I’ll give you a quick example. NorthernGrid is the FERC Order 1000 region in the Pacific Northwest and surrounding region. And their most recent FERC Order 1000 study found that load was forecasted to grow about 3% over the next five years, which seemed a little low. Then, in February, in the Pacific Northwest Utilities conference said that load in the region is actually going to increase 20% over the next five years.

So you have a wide gap in that specific assumption. And as you can imagine, that assumption on how much your load is going to grow is a huge driver in what the model is going to tell you. The model only is as good as the inputs. And if the utilities are inputting or the third parties that are doing the study are inputting assumptions that are either too conservative or too optimistic, you’re going to end up with a transmission solution that really doesn’t reflect reality.

Another good example there is generator retirements. So at a local level, you may have transmission planners that are thinking about it, but what we’ve seen especially in PJM and other areas is that in some cases they’re not even allowed to really study these scenarios assuming generators are going to retire because that can be viewed as non-competitive because you’re planning for a generator to retire before it has actually announced its retirement. But meanwhile, when you zoom out, you can see that certain generators are going to retire, we need to start planning now for the transmission system to support that. So again, it just comes down to how those various dials are tuned to go into the model.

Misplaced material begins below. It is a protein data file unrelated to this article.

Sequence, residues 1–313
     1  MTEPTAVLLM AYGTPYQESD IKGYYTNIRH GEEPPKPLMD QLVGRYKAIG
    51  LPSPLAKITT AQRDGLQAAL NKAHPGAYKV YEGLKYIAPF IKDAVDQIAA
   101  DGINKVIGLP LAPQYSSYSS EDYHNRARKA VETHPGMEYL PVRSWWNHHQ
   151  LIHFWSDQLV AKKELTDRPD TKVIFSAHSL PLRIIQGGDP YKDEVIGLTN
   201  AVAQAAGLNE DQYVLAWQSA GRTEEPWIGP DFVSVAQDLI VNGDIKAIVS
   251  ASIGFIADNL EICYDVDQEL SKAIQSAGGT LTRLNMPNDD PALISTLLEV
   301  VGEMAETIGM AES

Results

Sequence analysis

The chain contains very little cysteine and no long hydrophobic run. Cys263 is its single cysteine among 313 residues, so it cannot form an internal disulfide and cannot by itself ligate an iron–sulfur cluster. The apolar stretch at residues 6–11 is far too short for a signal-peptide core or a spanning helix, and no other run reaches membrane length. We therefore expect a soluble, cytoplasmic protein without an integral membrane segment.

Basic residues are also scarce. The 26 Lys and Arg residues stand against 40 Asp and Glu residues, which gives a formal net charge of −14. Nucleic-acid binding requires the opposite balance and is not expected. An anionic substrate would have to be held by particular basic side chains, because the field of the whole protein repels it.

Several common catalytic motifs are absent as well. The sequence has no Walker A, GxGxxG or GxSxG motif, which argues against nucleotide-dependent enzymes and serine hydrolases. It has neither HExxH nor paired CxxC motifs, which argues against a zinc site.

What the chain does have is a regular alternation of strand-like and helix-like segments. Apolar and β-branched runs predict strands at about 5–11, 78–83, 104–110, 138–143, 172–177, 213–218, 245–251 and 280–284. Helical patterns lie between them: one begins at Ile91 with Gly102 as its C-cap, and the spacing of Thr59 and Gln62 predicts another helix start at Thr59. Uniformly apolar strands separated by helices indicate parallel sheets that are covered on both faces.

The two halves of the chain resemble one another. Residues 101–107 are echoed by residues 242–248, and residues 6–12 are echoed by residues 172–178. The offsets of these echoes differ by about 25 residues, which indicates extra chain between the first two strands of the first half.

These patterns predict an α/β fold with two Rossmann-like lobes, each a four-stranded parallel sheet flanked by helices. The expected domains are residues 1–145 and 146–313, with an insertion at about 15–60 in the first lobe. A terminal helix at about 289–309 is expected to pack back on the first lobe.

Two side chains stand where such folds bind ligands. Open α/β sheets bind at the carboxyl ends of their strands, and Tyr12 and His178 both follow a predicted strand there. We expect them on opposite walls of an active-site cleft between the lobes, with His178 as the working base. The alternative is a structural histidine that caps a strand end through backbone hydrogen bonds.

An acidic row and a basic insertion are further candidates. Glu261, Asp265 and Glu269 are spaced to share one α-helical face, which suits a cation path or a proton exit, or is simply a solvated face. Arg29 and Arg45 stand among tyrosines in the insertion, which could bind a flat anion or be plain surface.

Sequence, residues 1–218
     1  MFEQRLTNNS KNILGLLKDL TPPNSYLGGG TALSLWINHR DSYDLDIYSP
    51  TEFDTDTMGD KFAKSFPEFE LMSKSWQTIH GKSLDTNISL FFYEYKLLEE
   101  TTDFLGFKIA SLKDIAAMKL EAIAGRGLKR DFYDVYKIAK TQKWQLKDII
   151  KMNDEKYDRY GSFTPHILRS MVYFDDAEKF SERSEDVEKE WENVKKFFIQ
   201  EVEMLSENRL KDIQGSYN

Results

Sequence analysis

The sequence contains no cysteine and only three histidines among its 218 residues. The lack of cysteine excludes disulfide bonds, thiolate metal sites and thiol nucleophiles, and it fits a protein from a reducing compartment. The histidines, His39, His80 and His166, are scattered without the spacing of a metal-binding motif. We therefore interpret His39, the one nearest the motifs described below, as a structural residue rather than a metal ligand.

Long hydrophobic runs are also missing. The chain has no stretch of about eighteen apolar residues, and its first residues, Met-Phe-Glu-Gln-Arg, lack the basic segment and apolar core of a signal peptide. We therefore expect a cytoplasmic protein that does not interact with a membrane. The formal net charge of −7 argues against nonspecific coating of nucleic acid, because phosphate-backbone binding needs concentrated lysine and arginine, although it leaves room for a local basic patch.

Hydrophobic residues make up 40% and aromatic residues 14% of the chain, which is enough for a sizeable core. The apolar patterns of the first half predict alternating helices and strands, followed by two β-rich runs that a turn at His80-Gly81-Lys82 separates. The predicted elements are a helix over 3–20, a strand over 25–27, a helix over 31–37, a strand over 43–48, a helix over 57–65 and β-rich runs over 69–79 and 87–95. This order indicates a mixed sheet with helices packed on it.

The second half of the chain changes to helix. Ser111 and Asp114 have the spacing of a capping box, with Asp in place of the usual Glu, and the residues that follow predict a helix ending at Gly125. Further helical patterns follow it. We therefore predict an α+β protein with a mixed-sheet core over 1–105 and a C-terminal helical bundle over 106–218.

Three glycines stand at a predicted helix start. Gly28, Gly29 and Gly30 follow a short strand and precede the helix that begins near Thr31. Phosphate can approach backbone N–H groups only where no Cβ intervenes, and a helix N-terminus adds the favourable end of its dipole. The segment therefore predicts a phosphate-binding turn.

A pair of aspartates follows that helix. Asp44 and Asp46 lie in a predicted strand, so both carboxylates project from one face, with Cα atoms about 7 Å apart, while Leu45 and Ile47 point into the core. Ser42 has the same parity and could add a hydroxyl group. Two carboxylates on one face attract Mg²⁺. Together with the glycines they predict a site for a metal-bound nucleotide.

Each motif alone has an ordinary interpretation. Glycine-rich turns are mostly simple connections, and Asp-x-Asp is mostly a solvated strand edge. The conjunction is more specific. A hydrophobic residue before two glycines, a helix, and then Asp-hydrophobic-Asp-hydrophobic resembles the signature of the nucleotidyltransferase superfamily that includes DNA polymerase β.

Ari Peskoe:

Yes. Casey, you mentioned that regulators might get involved here in scrutinizing these factors, and that might happen at a state-level planning process, but for these FERC regional processes, FERC has historically not gotten involved. Instead, what it requires is that the utilities or the RTOs let state regulators, market participants, other stakeholders participate in these scenario development processes.

And Claire, you’ve been on the ground in some recent PJM discussions about transmission planning and maybe you could tell us a little bit about how market participants and various interests have different perspectives on some of these factors and how you could imagine some of these debates playing out between state regulators or clean energy advocates or owners of natural gas plants and other parties that are going to be involved in these processes.